Emerson Drive Biography
We're at Six Flags/Kentucky Kingdom, the latest stop on Emerson Drive's apparently endless tour. They rolled into town at 5:30 this morning, just in time to crash for a few hours in their hotel. It's two o'clock now, and sound check -- a multi-hour ritual before each gig -- is about to begin. Bassist Patrick Bourque and drummer Mike Melancon are onstage in the open-air venue, jamming through their own private set -- "All Blues" by Miles Davis, which melts into a nameless fusion groove that breaks down to five beats per bar -- as engineers nail the sound. The others will arrive later, but already a crowd has gathered outside the gates, screaming out the band's name or, simply, screaming in anticipation of this evening's show.
Such is life for Emerson Drive -- singer Brad Mates, guitarist Danick Dupelle, keyboardist/guitarist Dale Wallace, fiddler David Pichette, Bourque, and Melancon, the hottest young phenomenon in country music. Their world is the road, the stage, the road again, and every now and then, a visit to a recording studio. Whether behind the mic or splayed out on the floor of their bus, watching a new DVD as they barrel through the night to their next gig, there always seems to be a wind at their back, pushing them faster, rushing them toward something that they might only have dreamed of not so long ago.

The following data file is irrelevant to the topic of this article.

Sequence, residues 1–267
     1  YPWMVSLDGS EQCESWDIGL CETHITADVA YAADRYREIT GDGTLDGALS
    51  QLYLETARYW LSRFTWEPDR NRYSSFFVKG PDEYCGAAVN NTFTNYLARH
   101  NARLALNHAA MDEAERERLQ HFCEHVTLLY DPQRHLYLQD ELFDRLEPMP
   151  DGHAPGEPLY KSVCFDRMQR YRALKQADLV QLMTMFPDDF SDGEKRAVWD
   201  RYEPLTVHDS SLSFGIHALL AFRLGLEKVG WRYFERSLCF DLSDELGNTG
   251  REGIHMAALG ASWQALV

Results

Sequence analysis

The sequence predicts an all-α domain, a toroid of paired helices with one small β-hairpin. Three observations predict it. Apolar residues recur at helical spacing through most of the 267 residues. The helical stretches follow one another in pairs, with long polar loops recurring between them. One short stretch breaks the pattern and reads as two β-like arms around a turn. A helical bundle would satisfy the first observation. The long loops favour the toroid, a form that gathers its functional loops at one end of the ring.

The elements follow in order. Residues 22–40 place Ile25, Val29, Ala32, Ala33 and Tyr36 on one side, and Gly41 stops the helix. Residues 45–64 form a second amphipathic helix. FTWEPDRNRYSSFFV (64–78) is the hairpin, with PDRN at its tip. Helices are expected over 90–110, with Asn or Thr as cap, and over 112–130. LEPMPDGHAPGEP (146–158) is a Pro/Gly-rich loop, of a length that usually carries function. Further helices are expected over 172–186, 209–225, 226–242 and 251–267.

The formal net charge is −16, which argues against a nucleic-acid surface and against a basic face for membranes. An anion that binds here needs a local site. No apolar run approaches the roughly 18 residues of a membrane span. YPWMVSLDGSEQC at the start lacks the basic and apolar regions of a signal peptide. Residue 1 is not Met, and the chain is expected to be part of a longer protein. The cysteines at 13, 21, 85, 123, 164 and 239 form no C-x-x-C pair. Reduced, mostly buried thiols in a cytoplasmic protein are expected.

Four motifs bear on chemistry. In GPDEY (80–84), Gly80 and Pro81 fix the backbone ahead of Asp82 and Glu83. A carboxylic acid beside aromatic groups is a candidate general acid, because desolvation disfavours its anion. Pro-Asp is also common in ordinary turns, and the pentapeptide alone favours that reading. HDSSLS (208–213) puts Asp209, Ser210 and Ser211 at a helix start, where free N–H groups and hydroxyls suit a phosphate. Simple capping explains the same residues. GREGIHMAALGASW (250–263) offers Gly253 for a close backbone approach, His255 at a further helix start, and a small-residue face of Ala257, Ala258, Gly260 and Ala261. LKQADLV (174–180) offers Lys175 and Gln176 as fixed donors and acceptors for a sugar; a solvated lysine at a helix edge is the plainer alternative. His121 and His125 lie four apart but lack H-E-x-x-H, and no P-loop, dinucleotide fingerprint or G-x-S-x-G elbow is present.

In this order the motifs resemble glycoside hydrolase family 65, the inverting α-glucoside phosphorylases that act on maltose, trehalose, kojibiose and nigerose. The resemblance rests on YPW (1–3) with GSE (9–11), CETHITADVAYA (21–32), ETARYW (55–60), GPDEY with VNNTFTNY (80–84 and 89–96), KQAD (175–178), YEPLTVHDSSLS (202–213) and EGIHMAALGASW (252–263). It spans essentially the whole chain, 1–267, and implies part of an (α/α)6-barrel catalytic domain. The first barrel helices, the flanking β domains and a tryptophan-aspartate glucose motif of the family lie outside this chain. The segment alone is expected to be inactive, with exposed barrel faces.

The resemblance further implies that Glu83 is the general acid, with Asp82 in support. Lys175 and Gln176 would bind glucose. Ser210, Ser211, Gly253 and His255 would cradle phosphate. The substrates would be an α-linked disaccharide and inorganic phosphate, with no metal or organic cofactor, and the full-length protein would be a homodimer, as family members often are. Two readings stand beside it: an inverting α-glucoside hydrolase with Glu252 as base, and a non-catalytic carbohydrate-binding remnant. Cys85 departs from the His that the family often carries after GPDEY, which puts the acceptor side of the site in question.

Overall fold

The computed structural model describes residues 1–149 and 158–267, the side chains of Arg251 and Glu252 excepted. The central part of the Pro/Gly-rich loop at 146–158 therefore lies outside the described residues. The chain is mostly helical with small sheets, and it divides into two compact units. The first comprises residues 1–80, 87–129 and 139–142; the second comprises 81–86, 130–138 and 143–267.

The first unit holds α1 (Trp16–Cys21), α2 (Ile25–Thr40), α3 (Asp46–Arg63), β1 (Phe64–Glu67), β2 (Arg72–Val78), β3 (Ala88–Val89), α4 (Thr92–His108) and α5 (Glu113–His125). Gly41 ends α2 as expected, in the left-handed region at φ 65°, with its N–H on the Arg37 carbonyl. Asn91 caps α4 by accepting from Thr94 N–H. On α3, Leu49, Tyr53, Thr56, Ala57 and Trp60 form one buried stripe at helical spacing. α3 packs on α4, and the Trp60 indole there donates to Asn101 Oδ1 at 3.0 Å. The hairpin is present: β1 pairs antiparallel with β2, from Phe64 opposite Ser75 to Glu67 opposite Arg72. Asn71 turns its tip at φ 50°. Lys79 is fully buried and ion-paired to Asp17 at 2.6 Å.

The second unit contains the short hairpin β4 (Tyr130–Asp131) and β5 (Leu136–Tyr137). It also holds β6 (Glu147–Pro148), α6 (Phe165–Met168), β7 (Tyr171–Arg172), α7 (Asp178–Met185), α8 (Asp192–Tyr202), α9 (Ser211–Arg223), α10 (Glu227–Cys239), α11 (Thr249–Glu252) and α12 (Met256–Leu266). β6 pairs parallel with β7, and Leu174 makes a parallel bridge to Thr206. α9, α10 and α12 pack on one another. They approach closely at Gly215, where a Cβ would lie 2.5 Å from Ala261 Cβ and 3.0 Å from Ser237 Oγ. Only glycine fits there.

Ask them where home is, and they'll answer, "The bus." And they're serious. But if that sounds pathetic, forget it: These guys are having a blast. There's no place they'd rather be, except for in the spotlight and in front of their fans. And there's no one they'd rather be with than their family -- which is to say, each other.
Whatever rigors they encountered on their travels over the past year or so were blown away by distinctions – ACM Top New Vocal Group/Duo [awarded in 2003]; Billboard’s #1 Top Country Artist of the Year for 2002; R&R’s #1 New Artist MVP for 2002; Group of the Year for two consecutive years, from the Canadian Country Music Association; two Top 5 hits with “Fall Into Me” and “I Should Be Sleeping”; as well as a number one music video on CMT's Top Twenty Countdown with “Fall Into Me” -- that flashed past like mileage markers en route to their next engagement.
And here, as roller coasters roar and onlookers call out their names, the band takes a few minutes on the bus to look forward to another milestone: the release of What If?, their second album for DreamWorks Records Nashville.